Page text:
Webb lost about four seconds to Tomac, then mounted a charge and tried to get back to him. Plus, he still had pressure from Roczen behind him, with all three pushing hard—within the limits of a very slick track—knowing points and momentum hung in the balance.
“It was tough to find that balance,” said Webb. “Like I told the team, you want to go faster and then you make mistake because it was so dry. It was about keeping your momentum and staying patient and hitting your marks. I thought I put in a good charge there but then I made a mistake and missed the rhythm and that really took me out of it. Once he got around me we played cat and mouse a bit, I mean, I was still a good ways back, but it seemed like one lap he would gain and the next lap I would maybe gain a little bit. Then with that mistake, he got an even bigger gap with a few to go. It was a hard charge, but definitely a hard main event.”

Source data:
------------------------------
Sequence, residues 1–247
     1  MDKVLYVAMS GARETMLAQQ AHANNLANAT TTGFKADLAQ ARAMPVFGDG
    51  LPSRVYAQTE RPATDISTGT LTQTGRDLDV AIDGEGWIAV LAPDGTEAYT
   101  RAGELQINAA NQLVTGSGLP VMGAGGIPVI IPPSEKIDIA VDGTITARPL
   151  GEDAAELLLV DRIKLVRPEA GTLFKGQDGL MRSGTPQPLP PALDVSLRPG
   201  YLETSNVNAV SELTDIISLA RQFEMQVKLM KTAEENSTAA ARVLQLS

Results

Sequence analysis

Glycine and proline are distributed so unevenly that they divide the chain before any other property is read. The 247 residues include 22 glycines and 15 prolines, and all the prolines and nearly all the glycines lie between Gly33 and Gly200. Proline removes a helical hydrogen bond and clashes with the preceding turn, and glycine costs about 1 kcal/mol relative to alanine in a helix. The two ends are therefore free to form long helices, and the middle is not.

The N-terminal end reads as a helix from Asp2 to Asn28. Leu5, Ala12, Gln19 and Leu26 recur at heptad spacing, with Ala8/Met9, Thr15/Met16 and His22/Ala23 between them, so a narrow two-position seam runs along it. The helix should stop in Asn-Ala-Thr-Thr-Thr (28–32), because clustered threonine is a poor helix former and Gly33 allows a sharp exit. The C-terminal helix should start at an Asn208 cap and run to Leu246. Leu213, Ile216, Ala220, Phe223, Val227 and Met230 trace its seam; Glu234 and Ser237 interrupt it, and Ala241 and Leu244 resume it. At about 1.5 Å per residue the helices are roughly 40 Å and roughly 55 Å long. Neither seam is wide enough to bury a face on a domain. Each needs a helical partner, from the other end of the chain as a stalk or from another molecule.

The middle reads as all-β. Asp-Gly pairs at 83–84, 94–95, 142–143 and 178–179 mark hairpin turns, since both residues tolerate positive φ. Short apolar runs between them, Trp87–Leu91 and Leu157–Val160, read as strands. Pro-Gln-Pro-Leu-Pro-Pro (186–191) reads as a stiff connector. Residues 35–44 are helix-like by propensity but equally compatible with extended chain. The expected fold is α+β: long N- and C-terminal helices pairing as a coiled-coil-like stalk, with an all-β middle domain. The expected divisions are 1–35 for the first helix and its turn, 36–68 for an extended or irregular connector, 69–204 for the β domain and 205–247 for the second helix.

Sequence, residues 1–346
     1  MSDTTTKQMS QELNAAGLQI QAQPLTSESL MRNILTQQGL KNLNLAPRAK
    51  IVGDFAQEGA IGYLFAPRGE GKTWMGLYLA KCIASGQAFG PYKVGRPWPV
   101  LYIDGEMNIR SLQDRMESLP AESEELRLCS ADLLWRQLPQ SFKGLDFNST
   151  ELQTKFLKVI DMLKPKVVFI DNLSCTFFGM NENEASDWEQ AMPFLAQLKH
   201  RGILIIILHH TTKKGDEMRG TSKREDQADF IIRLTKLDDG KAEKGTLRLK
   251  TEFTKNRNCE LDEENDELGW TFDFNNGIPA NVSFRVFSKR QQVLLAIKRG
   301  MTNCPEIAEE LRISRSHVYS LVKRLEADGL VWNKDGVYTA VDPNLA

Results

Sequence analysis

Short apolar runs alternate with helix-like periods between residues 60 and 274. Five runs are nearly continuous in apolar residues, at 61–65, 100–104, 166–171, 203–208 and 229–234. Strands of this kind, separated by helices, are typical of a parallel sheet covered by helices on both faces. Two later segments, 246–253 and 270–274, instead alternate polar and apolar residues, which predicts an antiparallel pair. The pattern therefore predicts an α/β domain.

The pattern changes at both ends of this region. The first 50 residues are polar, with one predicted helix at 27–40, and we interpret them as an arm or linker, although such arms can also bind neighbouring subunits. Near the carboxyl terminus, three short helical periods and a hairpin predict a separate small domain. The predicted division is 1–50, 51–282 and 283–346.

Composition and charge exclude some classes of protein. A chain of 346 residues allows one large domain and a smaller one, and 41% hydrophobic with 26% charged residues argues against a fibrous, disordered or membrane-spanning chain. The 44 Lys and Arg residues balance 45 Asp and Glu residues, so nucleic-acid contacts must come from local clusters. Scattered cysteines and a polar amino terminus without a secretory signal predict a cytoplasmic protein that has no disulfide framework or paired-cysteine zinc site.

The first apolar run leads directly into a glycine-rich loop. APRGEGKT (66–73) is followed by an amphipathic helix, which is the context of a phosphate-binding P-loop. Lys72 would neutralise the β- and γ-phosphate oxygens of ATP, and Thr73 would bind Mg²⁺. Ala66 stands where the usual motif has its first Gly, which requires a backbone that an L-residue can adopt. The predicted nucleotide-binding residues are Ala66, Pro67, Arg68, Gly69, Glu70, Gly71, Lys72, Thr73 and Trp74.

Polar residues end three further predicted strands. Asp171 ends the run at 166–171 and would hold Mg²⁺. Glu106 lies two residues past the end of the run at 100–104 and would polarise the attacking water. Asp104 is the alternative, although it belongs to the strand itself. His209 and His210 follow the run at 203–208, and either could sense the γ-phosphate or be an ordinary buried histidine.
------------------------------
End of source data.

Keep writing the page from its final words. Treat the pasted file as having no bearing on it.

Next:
“It was just tough the whole time, and the pressure was there the whole time,” said Tomac of the chasing Webb and Roczen.
Roczen stayed close to Webb most of the way until a huge near-crash late took the wind out of his sails.
“Obviously this is not ideal, but I’m not stressing by any means,” said Roczen. “There’s still a lot of racing to go with six rounds. I left my bike the same as it was at sea level, and I think there’s some things we can try to give it more oomph to make it a little bit easier in some of the rhythms and stuff. So, I’m okay with it, I’m honestly glad to be healthy and on two wheels after that near get off at the end. Obviously Eli was really good for what the conditions were, he passed us and I couldn’t latch on to him.”